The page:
Health

Breaking the silence

The film Padman has definitely drawn national attention to a long-neglected issue in India, and Union Minister of Women and Child Development Maneka Gandhi’s announcement recently of #YesIBleed, the national campaign on menstrual hygiene, might just be a critical entry point for the country to talk about India’s “period poverty”.

However, for a long time, menstrual hygiene management (MHM) was not a priority area in the public health agenda and national programmes did not do enough to make this a focus area. Young girls in many parts of India are still growing up with limited knowledge about managing their menstrual cycle, largely the result of a lack of education and awareness about personal hygiene as well as resources.

Many barriers

According to UN data, 66% of Indian girls are unaware of menstruation before their first period. For 23% to 28% of girls in rural India, periods, together with a lack of private spaces and facilities are a major reason for their being out of school. Cultural beliefs, hygiene practices, and social attitudes have also been limiting girls from using washroom facilities, more so during menstruation. National Family Health Survey 4 data state that a staggering 62% of young women in India are still using cloth which leaves them vulnerable to health issues such as urinary and reproductive tract infections. Also, till recently, girls in rural areas did not have access to affordable menstrual management products. There are still not enough suitable and safe spaces for women to manage their menstruation in a hygienic manner. There are also widespread reports of restrictions and isolation of girls during menstruation.

These factors put together adversely affect the health and personal development of girls, and, in the long run, lower their workforce participation and opportunities of growth.

On government interventions, since the Reproductive and Child Health Programme (RCH) in 1997 was not target-driven, menstrual health got space but was not completely addressed. While the government has from time to time initiated several national level efforts, nothing has been done as yet to change social norms. Menstrual health is a comprehensive, multifaceted issue and evidence has shown the need to address it on war footing. It is not only a public health issue but also a human right, for, every menstruating girl and woman must have access to a safe, clean and private space.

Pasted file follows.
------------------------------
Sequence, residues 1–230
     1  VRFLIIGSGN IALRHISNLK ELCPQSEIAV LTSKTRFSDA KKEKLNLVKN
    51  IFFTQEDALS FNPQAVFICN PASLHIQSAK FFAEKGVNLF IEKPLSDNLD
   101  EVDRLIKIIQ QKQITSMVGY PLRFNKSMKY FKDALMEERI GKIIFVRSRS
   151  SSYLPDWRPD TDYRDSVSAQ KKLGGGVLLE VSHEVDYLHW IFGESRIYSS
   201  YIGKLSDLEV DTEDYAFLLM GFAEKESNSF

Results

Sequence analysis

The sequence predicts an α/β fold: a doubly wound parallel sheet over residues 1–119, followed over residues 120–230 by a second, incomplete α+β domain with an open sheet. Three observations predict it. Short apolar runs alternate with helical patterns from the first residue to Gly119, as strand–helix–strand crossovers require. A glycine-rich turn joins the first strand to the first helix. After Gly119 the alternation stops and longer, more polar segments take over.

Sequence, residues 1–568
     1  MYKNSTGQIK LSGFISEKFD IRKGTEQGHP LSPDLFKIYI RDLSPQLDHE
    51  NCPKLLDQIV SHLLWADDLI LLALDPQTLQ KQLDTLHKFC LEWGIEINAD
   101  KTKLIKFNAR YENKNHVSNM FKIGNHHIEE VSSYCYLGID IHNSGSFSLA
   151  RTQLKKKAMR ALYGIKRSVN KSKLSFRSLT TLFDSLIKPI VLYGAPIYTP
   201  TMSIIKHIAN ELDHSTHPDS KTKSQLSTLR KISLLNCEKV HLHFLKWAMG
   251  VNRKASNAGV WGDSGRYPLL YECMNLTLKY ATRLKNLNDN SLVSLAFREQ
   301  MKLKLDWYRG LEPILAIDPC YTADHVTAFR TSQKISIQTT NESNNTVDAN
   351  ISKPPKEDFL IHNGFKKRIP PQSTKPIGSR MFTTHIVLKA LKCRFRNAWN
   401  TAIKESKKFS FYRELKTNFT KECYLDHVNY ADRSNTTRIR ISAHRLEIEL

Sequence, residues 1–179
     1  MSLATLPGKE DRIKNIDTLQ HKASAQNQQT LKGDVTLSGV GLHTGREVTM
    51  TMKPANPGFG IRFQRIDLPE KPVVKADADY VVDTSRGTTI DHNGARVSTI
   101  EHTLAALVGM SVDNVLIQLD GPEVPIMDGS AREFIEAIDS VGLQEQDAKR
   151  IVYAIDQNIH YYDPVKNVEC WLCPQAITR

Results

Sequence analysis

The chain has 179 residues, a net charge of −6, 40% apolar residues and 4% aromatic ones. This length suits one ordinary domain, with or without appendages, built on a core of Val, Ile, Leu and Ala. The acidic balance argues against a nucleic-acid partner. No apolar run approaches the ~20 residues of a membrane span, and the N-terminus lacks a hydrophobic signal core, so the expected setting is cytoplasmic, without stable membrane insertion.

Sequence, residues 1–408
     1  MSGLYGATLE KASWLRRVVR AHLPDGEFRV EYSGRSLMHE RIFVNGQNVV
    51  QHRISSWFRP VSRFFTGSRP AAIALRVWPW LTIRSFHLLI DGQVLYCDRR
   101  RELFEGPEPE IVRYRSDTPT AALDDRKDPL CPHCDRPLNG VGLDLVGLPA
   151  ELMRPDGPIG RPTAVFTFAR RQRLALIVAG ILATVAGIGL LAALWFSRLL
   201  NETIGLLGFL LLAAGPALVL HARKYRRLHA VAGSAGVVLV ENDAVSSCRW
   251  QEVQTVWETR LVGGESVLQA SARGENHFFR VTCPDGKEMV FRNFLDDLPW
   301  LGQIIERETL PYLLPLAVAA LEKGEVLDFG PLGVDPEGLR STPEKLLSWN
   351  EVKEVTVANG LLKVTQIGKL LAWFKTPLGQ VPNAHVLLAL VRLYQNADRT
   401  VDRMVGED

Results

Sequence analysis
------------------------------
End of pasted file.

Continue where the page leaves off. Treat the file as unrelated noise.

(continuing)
It is vital to adopt a sustained approach to tackle menstrual management. We need to build on the existing momentum through public-private partnership, which will require working with other civil society organisations within the districts of operation, identifying and involving community-based organisations, and ensuring that they move toward a viable model. A multi-sectoral response involving water, sanitation, urban planning, education, health, and the social sector can ensure that appropriate, evidence-based, and cost-effective interventions and policy are developed and implemented for the benefit of girls and women.

One such example could be the special emphasis on the Swacch Bharat Mission, which along with Menstrual Hygiene Management – national guidelines (2015) clearly lays down recommendations for State governments, district administrations, technical experts in line departments and schoolteachers to support girls and women with MHM choices, addressing their needs of sanitation, hygiene, privacy and safety.

An initiative to address menstrual health through a national campaign such as #YesIBleed will raise awareness and ensure that every girl and woman gains the requisite knowledge on menstrual management and has greater access to hygiene products at affordable prices to comfortably manage her periods with dignity.

Vishal Chowla is Director, Resource Mobilization, Save the Children in India

 


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Printable version | Jun 13, 2021 6:21:08 PM | https://www.thehindu.com/sci-tech/health/breaking-the-silence/article23282131.ece

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